Seven killed in attack on mosque in Yemen

August 19, 2012 18:58


Dear Reader,
As you can imagine, more people are reading The Jerusalem Post than ever before. Nevertheless, traditional business models are no longer sustainable and high-quality publications, like ours, are being forced to look for new ways to keep going. Unlike many other news organizations, we have not put up a paywall. We want to keep our journalism open and accessible and be able to keep providing you with news and analyses from the frontlines of Israel, the Middle East and the Jewish World.

As one of our loyal readers, we ask you to be our partner.

For $5 a month you will receive access to the following:

  • A user experience almost completely free of ads
  • Access to our Premium Section
  • Content from the award-winning Jerusalem Report and our monthly magazine to learn Hebrew - Ivrit
  • A brand new ePaper featuring the daily newspaper as it appears in print in Israel

Help us grow and continue telling Israel’s story to the world.

Thank you,

Ronit Hasin-Hochman, CEO, Jerusalem Post Group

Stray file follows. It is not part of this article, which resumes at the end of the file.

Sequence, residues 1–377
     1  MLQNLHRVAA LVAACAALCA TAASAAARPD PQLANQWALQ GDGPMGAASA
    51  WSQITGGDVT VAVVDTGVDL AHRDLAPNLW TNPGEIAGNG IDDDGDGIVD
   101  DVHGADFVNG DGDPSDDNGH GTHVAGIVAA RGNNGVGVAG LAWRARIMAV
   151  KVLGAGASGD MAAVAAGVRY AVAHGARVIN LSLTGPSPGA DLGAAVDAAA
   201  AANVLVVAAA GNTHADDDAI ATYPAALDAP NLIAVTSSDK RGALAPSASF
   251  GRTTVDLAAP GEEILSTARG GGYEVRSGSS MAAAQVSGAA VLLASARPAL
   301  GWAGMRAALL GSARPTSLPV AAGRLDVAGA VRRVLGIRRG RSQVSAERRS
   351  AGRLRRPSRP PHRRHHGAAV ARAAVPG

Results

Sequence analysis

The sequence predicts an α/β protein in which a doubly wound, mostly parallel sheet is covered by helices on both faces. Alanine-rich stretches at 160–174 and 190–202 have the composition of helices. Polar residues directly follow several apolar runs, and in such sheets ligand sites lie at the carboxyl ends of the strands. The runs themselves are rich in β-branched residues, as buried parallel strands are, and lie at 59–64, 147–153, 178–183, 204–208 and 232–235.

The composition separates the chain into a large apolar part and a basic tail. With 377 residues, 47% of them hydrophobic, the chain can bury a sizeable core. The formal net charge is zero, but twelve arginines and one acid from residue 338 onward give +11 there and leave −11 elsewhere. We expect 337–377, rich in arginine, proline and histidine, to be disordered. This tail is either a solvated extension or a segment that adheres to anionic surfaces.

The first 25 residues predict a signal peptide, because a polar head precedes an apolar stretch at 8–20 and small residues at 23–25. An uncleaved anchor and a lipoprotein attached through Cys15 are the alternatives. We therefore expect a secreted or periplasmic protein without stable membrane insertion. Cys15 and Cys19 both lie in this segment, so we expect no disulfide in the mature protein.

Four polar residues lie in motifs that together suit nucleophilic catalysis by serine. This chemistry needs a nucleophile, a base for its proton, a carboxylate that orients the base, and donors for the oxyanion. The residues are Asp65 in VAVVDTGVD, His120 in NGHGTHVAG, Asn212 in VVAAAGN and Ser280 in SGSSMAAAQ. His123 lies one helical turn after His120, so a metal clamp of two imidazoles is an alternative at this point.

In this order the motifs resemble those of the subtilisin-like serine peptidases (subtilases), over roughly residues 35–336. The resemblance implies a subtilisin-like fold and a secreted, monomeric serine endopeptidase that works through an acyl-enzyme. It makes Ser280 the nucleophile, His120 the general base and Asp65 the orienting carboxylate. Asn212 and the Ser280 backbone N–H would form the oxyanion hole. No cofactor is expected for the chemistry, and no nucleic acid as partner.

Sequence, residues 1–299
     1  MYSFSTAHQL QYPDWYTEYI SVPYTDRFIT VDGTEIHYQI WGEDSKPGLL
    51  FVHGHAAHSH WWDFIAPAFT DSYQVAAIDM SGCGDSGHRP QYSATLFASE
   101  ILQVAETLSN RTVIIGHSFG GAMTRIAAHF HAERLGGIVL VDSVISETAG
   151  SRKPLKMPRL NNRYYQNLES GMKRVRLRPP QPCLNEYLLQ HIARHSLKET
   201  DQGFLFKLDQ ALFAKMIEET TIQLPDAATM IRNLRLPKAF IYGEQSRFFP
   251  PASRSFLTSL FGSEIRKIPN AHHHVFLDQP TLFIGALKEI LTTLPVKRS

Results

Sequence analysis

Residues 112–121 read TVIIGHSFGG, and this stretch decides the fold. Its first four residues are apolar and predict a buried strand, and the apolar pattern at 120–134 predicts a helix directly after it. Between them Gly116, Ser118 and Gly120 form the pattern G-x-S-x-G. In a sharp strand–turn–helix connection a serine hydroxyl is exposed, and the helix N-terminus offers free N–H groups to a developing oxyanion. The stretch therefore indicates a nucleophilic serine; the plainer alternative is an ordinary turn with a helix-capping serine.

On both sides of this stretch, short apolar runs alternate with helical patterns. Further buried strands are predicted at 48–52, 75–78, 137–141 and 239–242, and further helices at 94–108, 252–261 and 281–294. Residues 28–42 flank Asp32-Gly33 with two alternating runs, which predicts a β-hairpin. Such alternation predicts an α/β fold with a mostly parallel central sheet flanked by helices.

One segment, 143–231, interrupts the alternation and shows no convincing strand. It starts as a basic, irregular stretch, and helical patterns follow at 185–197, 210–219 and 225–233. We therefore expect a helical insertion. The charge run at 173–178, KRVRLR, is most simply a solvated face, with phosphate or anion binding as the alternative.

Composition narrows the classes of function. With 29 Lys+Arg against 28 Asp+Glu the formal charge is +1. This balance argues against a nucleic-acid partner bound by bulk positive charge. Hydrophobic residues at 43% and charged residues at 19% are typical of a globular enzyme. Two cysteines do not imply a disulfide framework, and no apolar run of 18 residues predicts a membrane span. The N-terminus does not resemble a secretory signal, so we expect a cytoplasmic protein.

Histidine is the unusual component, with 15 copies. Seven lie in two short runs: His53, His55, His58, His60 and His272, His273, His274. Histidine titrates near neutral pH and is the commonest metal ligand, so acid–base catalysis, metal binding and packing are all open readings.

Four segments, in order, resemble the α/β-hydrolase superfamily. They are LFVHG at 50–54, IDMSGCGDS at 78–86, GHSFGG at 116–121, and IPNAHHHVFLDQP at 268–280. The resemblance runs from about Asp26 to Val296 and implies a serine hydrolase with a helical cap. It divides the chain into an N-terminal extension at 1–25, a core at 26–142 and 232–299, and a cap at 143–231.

Yaakov Katz, Editor-in-Chief

UPGRADE YOUR JPOST EXPERIENCE FOR 5$ PER MONTH Show me later Don't show it again

ADEN - A gunman opened fire on a mosque during Id prayers in southern Yemen on Sunday, killing seven people and wounding 11, a security official at the Yemeni Defense Ministry said.

In a separate attack on Sunday, a suicide bomber with suspected links to al-Qaeda blew himself up in the southern Abyan province, killing three and wounding two, an official from the province told Reuters.

The shooting at the mosque in the southern province of Dalea came during the prayers that mark the end of the Islamic holy month of Ramadan. Security forces followed the gunman home and surrounded the building, the official said.

He added that the man appeared not to be related to Islamist militants who have been staging attacks for the past months.

No further details were immediately available.

Related Content

Breaking news
August 16, 2018
Facebook says it was “too slow” to fight hate speech in Myanmar